Tales of the Turf, Part 5
Some twelve miles after leaving Pisco we came across a lovely little oasis, in which there grew the biggest and most delightful heliotrope bush I have ever seen. It quite recompensed me for all the monotonous stretch of desert which we had traversed.
Ica is a charming little town, with houses built mostly of adobe brick, painted blue and white. I put up at a nice little hotel, where I secured, for a very reasonable sum, a room for myself and a shed for Caro and the horses. In the neighbouring district cotton is grown on a pretty extensive scale. Piccione and Co. have a spinning mill here which employs a large number of hands. Piccione himself was a great racing man, and a notable rider “over the sticks” in Italy. I met his good lady and child at Pisco, staying there for the sea bathing. Mrs. Piccione took a great fancy to Golondrina, who was in foal to Springtide, and offered me £100 for her. I said, “You can have the mare if you like; but I want the foal. You can have the mare six months after the foal is born.” This arrangement didn’t suit her. She wished to take over the mare directly I returned from visiting Huacachina. But though we failed to agree, that circumstance didn’t affect our friendship, and when I moved off for the lake I took with me a letter to the caretaker of several little houses P. owned in the vicinity. Piccione had had these built for the benefit of people who go to Huacachina to take the waters, in token of his gratitude for having been cured of a very serious malady.
It was the day after we arrived at Ica, that I rode Golondrina over to the lake. The going was fine until we neared the end of our journey. Then we had to negotiate a hill 3000 ft. high, composed of hard sand. When we had surmounted this obstacle, we had to clamber down another steep path for 1000 ft., and at the foot of this declivity lay Huacachina.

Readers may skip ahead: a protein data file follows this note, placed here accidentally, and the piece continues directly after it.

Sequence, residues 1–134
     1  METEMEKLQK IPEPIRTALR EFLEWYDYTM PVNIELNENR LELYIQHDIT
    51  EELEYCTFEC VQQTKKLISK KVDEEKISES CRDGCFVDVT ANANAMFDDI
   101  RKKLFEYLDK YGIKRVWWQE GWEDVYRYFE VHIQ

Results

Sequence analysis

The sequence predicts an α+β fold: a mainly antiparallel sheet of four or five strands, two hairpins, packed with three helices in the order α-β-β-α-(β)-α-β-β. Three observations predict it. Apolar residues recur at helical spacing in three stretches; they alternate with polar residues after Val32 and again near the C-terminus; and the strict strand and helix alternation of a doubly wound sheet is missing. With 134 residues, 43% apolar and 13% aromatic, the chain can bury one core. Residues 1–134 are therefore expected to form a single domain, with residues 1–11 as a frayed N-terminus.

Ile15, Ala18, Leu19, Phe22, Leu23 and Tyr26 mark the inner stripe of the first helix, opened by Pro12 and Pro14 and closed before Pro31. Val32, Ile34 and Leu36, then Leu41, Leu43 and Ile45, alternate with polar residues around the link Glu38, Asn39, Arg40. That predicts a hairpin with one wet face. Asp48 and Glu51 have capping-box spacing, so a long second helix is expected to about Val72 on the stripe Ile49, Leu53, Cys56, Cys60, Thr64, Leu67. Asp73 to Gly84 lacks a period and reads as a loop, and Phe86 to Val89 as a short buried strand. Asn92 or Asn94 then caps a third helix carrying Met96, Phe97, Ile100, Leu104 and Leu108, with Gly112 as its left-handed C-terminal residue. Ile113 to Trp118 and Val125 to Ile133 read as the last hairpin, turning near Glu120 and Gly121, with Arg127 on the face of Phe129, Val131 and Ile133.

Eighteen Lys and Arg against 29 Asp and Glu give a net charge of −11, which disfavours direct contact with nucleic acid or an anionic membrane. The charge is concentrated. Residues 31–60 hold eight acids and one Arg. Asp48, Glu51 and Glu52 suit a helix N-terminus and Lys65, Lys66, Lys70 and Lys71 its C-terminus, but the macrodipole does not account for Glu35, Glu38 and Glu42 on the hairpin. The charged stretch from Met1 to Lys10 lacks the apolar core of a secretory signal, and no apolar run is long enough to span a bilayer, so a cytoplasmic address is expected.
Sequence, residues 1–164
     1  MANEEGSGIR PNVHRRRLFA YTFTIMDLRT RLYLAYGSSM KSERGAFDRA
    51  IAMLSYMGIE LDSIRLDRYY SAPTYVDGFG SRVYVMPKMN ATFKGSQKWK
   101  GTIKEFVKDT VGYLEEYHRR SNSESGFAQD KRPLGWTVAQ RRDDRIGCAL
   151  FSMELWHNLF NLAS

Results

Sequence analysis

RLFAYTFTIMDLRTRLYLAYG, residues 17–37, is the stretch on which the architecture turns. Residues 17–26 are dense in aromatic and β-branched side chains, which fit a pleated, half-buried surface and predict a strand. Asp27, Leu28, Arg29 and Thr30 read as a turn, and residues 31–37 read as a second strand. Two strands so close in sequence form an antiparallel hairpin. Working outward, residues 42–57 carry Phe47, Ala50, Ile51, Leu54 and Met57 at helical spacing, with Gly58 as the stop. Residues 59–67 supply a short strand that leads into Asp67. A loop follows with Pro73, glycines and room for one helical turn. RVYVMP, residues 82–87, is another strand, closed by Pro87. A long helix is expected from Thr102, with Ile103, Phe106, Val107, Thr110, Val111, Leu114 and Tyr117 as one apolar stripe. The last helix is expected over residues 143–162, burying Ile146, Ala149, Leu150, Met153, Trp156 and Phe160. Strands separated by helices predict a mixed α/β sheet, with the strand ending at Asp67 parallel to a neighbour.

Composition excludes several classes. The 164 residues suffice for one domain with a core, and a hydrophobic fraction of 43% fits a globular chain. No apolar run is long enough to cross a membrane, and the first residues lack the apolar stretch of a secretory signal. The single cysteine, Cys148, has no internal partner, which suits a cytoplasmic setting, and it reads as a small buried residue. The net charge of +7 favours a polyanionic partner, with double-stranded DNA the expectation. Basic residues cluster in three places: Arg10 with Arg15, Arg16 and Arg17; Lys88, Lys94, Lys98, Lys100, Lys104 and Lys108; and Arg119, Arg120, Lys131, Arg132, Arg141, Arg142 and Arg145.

The lake is bordered by a tiny beach, some fifteen yards wide. Green trees surrounded it, and a flat-bottomed boat is kept for the use of visitors. Many people of my acquaintance, besides Piccione, have been greatly benefited by a visit to this famous lake.*
I bathed in the lake every day, not that there was anything the matter with me, but just that I might say I had tried the waters. Sulphur, potash, magnesium, and calcium, were, I found, the principal ingredients. One can’t sink, and I could never get farther down than my armpits.
On the surface the water was quite warm, but underneath it struck very cold to one’s feet. That peculiarity, of course, is attributable to the potash.
The country round about Huacachina is noted for its cotton, and alfalfa. Sugar cane is also grown, but it doesn’t succeed so well there as it does along the coast of Peru. The soil is not so rich. Most people picture the desert as a never-changing waste of sand. But when I passed through the Peruvian wilderness, it was all asmother with bulbous flowers of great beauty. The blooms resembled petunias, and they were all the colours of the rainbow. This phenomenon occurs every winter, and continues for a period of six or eight weeks, till the sun regains its full power. Then the exquisite picture vanishes, almost as swiftly as a soap bubble passes away. The desert extends all along the coast. This is Peru’s chief detriment. But even so, it is barred, like the staves of a piece of music, with lovely, fertile valleys, every twenty or thirty leagues or so. In these almost anything that grows can be cultivated with the expenditure of little energy, except cotton and sugar, for these two things require to be constantly irrigated. Nevertheless the sugar mills in these parts can crush sugar every week-day for forty-nine weeks of every year, the remaining three weeks being devoted to the annual overhaul. An admirable system of irrigation has now been adopted, consequently the mills are not dependent on the rain. Saline deposits abound. There are several salt lakes within easy distance of Ica. Borax is to be found farther north, at Chimbote and Pacasmayo.
*Vide Adventures in Bolivia.